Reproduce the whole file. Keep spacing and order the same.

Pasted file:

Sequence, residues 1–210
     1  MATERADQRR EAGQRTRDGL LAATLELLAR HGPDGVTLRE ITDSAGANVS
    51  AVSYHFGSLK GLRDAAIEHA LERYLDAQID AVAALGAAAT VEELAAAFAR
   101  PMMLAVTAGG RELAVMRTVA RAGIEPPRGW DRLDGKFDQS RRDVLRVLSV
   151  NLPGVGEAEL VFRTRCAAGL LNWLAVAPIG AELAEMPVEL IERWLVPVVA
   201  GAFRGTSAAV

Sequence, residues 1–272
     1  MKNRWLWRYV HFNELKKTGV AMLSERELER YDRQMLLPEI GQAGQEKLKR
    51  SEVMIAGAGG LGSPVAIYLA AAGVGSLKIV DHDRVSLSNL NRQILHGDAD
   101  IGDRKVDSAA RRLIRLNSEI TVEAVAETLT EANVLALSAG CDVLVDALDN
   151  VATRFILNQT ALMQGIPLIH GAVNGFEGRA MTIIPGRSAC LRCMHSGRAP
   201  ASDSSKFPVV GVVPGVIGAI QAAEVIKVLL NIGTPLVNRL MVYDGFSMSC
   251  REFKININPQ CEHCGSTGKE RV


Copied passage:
Sequence, residues 1–210
     1  MATERADQRR EAGQRTRDGL LAATLELLAR HGPDGVTLRE ITDSAGANVS
    51  AVSYHFGSLK GLRDAAIEHA LERYLDAQID AVAALGAAAT VEELAAAFAR
   101  PMMLAVTAGG RELAVMRTVA RAGIEPPRGW DRLDGKFDQS RRDVLRVLSV
   151  NLPGVGEAEL VFRTRCAAGL LNWLAVAPIG AELAEMPVEL IERWLVPVVA
   201  GAFRGTSAAV

Sequence, residues 1–272
     1  MKNRWLWRYV HFNELKKTGV AMLSERELER YDRQMLLPEI GQAGQEKLKR
    51  SEVMIAGAGG LGSPVAIYLA AAGVGSLKIV DHDRVSLSNL NRQILHGDAD
   101  IGDRKVDSAA RRLIRLNSEI TVEAVAETLT EANVLALSAG CDVLVDALDN
   151  VATRFILNQT ALMQGIPLIH GAVNGFEGRA MTIIPGRSAC LRCMHSGRAP
   201  ASDSSKFPVV GVVPGVIGAI QAAEVIKVLL NIGTPLVNRL MVYDGFSMSC
   251  REFKININPQ CEHCGSTGKE RV